Back then I wanted to write for a living. Now, I do! When I’m not writing, I’m wondering about the meaning of what I’m covering (this sort of thing accelerates when a great foreign correspondent dies), and talking to other writers about the point of all this. The best answers are too pretentious to blog about. The cheap answer isn’t: It’s fun, and we’re lucky to do it.

You know what else is fun? Writing about other topics. Slate, which was my favorite magazine long before I was paid to believe so, is a good place to deposit thoughts about pop culture and Things Inconvenient to White People and other Internet topics. Tumblr would be a good place to stow my other thoughts. But I am a sort of a luddite, and I refuse to take this blog off Tumbler. Good God — I’ve written here for a third of my life! I own the domain well into President Santorum’s first term! DaveWeigel.com will remain a source for random, one-draft thoughts that are too hot for Twitter or Facebook or the myriad other places to put such thoughts.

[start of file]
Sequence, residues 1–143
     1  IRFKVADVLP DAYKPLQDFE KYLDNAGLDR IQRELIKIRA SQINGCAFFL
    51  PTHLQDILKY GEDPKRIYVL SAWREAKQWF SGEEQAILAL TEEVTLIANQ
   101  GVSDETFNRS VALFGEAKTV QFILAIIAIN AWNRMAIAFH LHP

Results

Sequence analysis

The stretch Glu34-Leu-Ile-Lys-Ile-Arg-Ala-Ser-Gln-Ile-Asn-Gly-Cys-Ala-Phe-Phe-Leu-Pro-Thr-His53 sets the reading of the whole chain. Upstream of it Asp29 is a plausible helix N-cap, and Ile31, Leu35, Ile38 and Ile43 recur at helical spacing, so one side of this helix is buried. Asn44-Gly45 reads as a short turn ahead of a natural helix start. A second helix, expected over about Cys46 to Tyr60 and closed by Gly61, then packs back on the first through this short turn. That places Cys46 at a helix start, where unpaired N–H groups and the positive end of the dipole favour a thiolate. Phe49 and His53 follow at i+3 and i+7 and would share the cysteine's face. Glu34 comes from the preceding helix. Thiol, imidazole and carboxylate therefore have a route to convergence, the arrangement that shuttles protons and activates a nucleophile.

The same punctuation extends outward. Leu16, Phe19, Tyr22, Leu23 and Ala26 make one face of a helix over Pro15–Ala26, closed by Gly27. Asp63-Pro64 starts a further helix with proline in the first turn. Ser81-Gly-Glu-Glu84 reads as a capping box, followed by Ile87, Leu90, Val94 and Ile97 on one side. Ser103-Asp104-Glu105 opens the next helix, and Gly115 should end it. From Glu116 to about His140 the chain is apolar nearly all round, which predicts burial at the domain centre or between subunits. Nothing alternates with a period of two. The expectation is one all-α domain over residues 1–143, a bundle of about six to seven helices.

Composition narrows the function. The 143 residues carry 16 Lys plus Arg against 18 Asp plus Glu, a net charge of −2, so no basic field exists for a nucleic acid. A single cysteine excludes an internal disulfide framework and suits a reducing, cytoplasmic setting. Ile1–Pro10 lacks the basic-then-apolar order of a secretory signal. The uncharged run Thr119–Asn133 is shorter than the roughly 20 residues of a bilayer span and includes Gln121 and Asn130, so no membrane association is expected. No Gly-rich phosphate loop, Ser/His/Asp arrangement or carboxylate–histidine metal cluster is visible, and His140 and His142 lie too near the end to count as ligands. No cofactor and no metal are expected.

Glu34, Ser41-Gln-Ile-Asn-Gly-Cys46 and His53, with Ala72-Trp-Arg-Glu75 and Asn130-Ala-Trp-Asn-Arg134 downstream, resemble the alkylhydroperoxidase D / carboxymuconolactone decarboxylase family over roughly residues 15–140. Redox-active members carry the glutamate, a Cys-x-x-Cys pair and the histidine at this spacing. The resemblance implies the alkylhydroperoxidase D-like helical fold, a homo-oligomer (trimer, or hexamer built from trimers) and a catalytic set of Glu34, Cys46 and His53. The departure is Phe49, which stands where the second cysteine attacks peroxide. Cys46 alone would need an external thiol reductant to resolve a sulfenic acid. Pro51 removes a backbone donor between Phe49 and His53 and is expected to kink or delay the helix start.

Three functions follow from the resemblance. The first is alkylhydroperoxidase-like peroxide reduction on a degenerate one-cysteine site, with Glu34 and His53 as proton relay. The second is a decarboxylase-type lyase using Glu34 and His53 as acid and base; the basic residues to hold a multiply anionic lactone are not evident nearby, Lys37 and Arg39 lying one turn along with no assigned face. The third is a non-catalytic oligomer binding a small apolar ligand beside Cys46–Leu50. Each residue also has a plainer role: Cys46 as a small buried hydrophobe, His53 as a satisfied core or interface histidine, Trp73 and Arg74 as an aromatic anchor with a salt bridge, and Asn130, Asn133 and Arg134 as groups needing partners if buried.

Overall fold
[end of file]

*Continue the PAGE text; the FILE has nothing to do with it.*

Weekend Wrapup

I see Catherine Andrews doing these from time to time, and I want to assure the universe that she is not the only hip young urban person who’s enjoying these final weekends of American supremacy.

FRIDAY: Dinner with some friends at Etete, the fancier’n’average Ethopian place on 9th street, followed by a very short walk to Solly’s, where we celebrated the victory of young Ezra Klein over the mainstream media by drinking Miller High Life. Wait, what?